RARE Daily

Rare Leader: Benjamin Yerxa, CEO, Foundation Fighting Blindness

October 7, 2021

The Basics
Name:  Benjamin Yerxa

Title: CEO

Organization: Foundation Fighting Blindness

Social Media Links:

Disease focus: The foundation focuses on retinitis pigmentosa, macular degeneration, Usher syndrome and the entire spectrum of retinal degenerative diseases.

Headquarters: Columbia, Maryland

How did you become involved in rare disease: Early in my career, I worked on a project for cystic fibrosis. It was technology that spun out of UNC Chapel Hill. I co-invented the compound. It went into phase 3 testing. I was the lead chemist on the project. It had one positive trial, one negative trial, so the program didn’t make it.

Previous career: Led an ocular drug delivery company called Envisia Therapeutics. Currently also serve as the CEO of the Retinal Degeneration Fund, which invests in companies developing therapies for inherited retinal disease.

Education: B.A in chemistry from the University of California, San Diego; Ph.D. in organic chemistry from the University of California, Irvine

The Organization
Organization’s mission: It’s driving the research to provide for preventions, treatments, and cures for inherited retinal diseases and dry AMD, which is essentially the entire spectrum of retinal degenerative diseases.

Organization’s strategy: We identify the key gaps in the field, in the science, and then we fund the top researchers at the top institutions, and we hold them to milestones. We don’t just fund researchers and hope they write a paper. We expect results.

Funding strategy: It’s major gifts and events. We’re rare disease, so it’s harder to raise money with events because it’s such a small community. We do have chapters in multiple states. We rallied the community at the ground level. We look for philanthropy and major donors to do the rest, and some come from foundations as well.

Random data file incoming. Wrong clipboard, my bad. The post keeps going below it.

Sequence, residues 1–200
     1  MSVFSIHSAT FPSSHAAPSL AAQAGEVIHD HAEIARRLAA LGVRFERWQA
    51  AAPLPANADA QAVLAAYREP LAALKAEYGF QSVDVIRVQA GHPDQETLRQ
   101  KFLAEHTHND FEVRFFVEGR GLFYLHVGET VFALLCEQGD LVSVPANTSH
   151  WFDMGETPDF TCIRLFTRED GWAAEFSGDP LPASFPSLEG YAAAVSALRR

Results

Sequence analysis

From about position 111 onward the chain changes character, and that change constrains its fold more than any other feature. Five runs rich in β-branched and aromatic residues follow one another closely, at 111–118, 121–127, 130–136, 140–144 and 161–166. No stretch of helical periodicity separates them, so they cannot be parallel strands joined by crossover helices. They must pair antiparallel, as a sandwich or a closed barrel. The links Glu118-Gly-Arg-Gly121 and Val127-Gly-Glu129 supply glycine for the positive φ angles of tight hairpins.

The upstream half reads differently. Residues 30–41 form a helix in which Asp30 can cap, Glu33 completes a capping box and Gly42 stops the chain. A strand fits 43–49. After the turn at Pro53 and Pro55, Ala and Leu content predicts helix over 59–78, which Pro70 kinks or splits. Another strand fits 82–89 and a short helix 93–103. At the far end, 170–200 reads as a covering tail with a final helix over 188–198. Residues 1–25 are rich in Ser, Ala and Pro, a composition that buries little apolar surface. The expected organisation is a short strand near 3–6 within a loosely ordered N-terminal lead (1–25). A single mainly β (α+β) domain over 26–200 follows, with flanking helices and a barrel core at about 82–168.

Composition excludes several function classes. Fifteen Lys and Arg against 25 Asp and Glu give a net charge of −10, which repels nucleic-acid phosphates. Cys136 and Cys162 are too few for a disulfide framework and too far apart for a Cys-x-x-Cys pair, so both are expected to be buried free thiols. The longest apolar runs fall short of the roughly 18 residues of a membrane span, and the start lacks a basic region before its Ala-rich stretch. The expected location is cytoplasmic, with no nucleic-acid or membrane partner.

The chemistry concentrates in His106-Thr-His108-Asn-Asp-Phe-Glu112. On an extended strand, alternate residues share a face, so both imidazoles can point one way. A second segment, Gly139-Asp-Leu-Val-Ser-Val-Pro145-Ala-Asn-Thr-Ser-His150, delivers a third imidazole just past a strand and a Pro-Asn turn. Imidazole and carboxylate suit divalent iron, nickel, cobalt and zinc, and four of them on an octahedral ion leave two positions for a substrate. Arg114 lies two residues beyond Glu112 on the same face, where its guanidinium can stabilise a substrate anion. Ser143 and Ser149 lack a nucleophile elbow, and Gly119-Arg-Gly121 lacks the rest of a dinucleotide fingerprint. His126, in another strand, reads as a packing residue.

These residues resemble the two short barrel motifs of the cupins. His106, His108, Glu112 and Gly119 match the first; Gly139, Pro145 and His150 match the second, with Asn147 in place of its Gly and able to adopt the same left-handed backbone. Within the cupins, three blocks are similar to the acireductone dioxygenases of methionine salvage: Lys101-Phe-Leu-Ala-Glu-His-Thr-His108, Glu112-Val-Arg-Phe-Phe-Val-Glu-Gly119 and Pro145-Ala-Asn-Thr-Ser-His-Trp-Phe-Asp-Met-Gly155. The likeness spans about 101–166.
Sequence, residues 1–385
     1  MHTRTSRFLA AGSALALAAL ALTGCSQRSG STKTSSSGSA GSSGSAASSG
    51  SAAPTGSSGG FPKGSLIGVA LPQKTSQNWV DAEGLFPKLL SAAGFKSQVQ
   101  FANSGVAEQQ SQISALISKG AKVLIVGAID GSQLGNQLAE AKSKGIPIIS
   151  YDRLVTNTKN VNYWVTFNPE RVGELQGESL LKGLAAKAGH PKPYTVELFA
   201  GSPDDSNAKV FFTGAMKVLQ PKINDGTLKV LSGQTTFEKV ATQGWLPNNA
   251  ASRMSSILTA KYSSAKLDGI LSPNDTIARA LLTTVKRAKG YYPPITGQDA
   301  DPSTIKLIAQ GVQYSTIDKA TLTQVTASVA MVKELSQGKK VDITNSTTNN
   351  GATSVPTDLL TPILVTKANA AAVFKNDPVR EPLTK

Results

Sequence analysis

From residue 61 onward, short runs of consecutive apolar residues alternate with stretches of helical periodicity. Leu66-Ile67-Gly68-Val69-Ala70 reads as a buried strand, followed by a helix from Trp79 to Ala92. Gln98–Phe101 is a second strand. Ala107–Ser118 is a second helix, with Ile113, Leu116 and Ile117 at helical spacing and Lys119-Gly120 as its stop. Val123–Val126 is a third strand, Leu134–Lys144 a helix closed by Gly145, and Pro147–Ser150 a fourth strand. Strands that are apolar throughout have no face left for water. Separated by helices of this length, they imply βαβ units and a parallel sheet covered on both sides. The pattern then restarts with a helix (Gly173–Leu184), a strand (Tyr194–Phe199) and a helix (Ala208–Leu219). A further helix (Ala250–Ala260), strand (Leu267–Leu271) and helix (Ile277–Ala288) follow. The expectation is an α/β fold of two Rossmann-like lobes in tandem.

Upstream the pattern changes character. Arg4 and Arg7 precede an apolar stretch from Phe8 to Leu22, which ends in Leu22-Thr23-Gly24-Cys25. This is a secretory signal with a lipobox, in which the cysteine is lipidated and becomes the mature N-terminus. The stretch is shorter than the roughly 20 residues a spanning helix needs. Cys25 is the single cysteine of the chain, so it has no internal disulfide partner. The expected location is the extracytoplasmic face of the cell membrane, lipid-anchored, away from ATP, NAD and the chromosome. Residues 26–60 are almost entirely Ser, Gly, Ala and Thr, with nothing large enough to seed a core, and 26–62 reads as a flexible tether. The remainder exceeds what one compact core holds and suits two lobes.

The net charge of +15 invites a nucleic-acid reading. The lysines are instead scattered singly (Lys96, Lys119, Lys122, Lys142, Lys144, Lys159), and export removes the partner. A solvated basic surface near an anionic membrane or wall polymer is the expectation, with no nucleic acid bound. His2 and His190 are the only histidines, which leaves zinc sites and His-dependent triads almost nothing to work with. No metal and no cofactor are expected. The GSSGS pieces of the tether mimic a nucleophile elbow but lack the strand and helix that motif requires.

What’s changing at your organization in the next year: One of the big changes is we’re reinvigorating our chapters to really expand our reach. We have to have people on the ground in the communities to create relationships and that’s really the best way for us to serve our constituents. We have been hiring. Despite the pandemic, we’ve actually been growing and putting more resources of people and money into the chapter so that we can serve our constituents better.

Management Style
Management philosophy: I’m demanding but laid back at the same time. I have high expectations, but I give people a long leash in order to get the job done.

Guiding principles for running an effective organization: Always be open, honest, and respectful. Hiring and retaining the key talent is important. I do that based on their drive and passion, and raw talent. I recruit based on those aspects and train on the technical part. Finally, it’s just staying focused on the mission. That’s our north star.

Best way to keep your organization relevant: Putting our dollars on the most cutting-edge technology that have the best chance of creating treatments and cures is important. We stay relevant by staying on top of the science and funding, the top stuff like gene editing and things like that. I’d say that’s probably the biggest thing.

Why people like working with you: I’ve got ideas and I like to get stuff done. I like to put out big ideas and tackle them.

Mentor: Christy Shaffer at Inspire who was my boss for ten years. She’s now a partner at Hatteras Venture Partners and doing great, but she allowed me to take on big problems, even if they were not in an area of my expertise. She also gave me a lot of opportunities to go out externally and learn about leadership and do things to make myself better.